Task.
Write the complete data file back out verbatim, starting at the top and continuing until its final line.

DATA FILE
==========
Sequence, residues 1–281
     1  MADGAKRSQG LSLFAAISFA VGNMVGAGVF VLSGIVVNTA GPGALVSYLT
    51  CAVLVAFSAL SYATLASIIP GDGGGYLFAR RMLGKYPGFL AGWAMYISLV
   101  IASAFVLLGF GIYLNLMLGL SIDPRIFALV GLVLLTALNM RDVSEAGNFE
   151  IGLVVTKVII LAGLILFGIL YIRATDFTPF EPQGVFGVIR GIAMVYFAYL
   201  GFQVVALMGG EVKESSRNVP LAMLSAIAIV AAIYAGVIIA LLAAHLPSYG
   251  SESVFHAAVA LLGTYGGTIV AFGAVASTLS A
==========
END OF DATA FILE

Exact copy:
Sequence, residues 1–281
     1  MADGAKRSQG LSLFAAISFA VGNMVGAGVF VLSGIVVNTA GPGALVSYLT
    51  CAVLVAFSAL SYATLASIIP GDGGGYLFAR RMLGKYPGFL AGWAMYISLV
   101  IASAFVLLGF GIYLNLMLGL SIDPRIFALV GLVLLTALNM RDVSEAGNFE
   151  IGLVVTKVII LAGLILFGIL YIRATDFTPF EPQGVFGVIR GIAMVYFAYL
   201  GFQVVALMGG EVKESSRNVP LAMLSAIAIV AAIYAGVIIA LLAAHLPSYG
   251  SESVFHAAVA LLGTYGGTIV AFGAVASTLS A